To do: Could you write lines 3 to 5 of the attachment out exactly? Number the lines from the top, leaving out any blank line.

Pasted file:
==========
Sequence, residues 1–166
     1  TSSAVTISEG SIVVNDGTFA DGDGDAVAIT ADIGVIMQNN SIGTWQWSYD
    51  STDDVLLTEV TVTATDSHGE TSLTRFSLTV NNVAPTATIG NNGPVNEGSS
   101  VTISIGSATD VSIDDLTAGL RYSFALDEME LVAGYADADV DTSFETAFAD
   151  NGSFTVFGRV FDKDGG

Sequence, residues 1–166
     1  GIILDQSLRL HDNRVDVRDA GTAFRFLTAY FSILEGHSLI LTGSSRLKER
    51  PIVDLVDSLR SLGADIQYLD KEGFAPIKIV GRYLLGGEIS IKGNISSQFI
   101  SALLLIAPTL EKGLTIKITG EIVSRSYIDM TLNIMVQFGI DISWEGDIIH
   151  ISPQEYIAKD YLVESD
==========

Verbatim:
    51  STDDVLLTEV TVTATDSHGE TSLTRFSLTV NNVAPTATIG NNGPVNEGSS
   101  VTISIGSATD VSIDDLTAGL RYSFALDEME LVAGYADADV DTSFETAFAD
   151  NGSFTVFGRV FDKDGG